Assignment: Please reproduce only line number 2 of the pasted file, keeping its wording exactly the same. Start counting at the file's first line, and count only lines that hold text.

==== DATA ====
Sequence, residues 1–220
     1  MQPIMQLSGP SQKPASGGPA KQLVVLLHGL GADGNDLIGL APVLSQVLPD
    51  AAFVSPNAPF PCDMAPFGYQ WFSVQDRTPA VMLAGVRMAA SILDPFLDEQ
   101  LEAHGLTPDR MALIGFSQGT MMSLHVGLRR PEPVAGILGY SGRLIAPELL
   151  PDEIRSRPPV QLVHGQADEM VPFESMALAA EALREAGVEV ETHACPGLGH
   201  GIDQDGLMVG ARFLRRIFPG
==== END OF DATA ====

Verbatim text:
     1  MQPIMQLSGP SQKPASGGPA KQLVVLLHGL GADGNDLIGL APVLSQVLPD